This post is brought to you by HABA USA and written by guest blogger Zech Mientkiewicz
Beach trips are always fun, especially for kids! As a child growing up in a Navy family, we had the luxury of always living close to a beach. Whether it was the frigid waters of Maine, or the cool southern California waves, or the warm calming Gulf coast, my family would find just about any excuse to load up into the car and spend an afternoon by the water. Sand, Frisbees, and water boards were a must, along with an explorer’s mind to seek out starfish or seashells or hermit crabs to show off to our parents. And the waves- we would spend hours running in the low surf and feeling the waves surge, recede and, maybe if you were lucky, knock you off your feet. On cooler days my siblings and I would challenge each other to see how long we could last in the water before scurrying back to the hot sand. But on warmer days, we would spend hours swimming in the relaxing waters or just floating on the surface like bobbers. Now living in upstate New York, I still find myself drawn to a calming lake with nice sand and maybe a rock to lounge on. I seek out rivers and streams to paddle on and drift down while enjoying a relaxing afternoon. Even a small puddle of water will attract young children with muddy consequences.
For centuries humans have lived, played, vacationed, and relaxed near the calming lap of water while experiencing the mild exfoliating properties of a warm sandy beach. Water holds an almost transcendent connection to us. Humans drink it, bathe in it, and some of us even sleep on it! Great artists and storytellers are transfixed by its changes from tranquil to agitated, and marvel at the colors reflected and refracted by its medium. We are surrounded by water, and 60% of ourselves is composed of it. So I feel that our connection to rivers and ocean and lakes is more than just a great spot for a vacation. It is a reflection of us.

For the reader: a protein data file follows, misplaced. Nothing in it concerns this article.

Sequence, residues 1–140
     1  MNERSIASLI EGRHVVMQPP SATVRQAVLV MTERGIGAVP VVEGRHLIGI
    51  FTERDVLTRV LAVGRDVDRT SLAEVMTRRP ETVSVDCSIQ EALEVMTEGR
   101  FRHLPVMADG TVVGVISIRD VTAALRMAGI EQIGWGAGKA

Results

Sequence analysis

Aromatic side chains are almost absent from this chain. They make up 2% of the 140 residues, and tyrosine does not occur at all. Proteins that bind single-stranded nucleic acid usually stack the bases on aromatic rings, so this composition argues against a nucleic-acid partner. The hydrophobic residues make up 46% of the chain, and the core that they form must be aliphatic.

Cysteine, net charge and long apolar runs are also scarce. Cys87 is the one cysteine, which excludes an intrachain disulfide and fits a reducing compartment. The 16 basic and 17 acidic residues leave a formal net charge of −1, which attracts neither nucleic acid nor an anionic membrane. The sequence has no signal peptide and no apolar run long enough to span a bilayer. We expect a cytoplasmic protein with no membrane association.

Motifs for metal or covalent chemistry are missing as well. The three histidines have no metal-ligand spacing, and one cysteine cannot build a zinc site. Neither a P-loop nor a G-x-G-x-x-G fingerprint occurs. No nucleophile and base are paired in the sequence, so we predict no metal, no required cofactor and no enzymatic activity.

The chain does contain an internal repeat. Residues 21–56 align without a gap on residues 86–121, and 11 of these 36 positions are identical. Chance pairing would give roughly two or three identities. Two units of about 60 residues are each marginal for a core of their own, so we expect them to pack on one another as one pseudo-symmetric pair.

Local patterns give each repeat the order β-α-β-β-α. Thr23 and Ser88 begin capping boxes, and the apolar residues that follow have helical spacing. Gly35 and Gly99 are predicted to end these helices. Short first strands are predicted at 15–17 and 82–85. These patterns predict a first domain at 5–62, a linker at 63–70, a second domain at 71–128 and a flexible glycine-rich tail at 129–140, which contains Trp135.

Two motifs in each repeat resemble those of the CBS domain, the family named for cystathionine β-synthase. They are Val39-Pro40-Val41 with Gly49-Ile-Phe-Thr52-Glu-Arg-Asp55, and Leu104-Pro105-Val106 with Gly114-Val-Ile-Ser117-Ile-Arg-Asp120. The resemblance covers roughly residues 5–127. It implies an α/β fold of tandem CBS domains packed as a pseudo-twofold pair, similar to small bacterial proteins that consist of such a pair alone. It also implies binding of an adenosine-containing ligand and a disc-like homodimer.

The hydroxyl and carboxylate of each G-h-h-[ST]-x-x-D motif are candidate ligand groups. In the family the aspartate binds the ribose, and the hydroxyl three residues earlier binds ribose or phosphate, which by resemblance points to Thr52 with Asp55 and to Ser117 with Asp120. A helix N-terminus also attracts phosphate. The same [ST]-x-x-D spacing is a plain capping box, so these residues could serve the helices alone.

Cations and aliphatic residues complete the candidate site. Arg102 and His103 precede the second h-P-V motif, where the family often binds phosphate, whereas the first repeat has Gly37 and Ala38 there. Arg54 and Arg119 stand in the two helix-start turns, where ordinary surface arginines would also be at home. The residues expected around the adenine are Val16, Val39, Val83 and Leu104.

Editor's Note: For more in depth information about the benefits of water-play, check out this wonderful article (pdf) by Carol M. Gross: Science Concepts Young Children Learn Through Water Play - Why is water such a compelling source of learning pleasure for most Carol M. Gross children? This article convincingly identifies why water play is a key science and mathematics medium that enhances young children’s learning through discovery.
About the Author
Zech Mientkiewicz is a Physical Education and Health teacher in Central NY. He loves to hike, camp, exercise, and explore especially with his wife Brianna, a former employee at HABA USA. During college, Zech led high school students on 10 day hiking trips in the High Peaks of the Adirondacks. He grew up in rural Houghton, NY with his parents and 3 older siblings where they sparked his passion for wilderness adventure and teaching.
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